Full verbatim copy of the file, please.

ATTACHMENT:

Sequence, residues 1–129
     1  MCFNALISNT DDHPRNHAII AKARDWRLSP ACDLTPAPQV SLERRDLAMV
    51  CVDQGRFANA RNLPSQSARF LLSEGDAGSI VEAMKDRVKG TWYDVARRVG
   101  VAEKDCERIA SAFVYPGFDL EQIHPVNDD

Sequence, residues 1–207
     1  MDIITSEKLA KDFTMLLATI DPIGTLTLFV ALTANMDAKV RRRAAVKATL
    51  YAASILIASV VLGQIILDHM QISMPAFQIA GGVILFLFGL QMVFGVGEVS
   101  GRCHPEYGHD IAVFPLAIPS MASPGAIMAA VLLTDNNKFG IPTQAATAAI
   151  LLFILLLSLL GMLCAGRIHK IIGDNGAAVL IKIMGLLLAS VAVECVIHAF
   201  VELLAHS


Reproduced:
Sequence, residues 1–129
     1  MCFNALISNT DDHPRNHAII AKARDWRLSP ACDLTPAPQV SLERRDLAMV
    51  CVDQGRFANA RNLPSQSARF LLSEGDAGSI VEAMKDRVKG TWYDVARRVG
   101  VAEKDCERIA SAFVYPGFDL EQIHPVNDD

Sequence, residues 1–207
     1  MDIITSEKLA KDFTMLLATI DPIGTLTLFV ALTANMDAKV RRRAAVKATL
    51  YAASILIASV VLGQIILDHM QISMPAFQIA GGVILFLFGL QMVFGVGEVS
   101  GRCHPEYGHD IAVFPLAIPS MASPGAIMAA VLLTDNNKFG IPTQAATAAI
   151  LLFILLLSLL GMLCAGRIHK IIGDNGAAVL IKIMGLLLAS VAVECVIHAF
   201  VELLAHS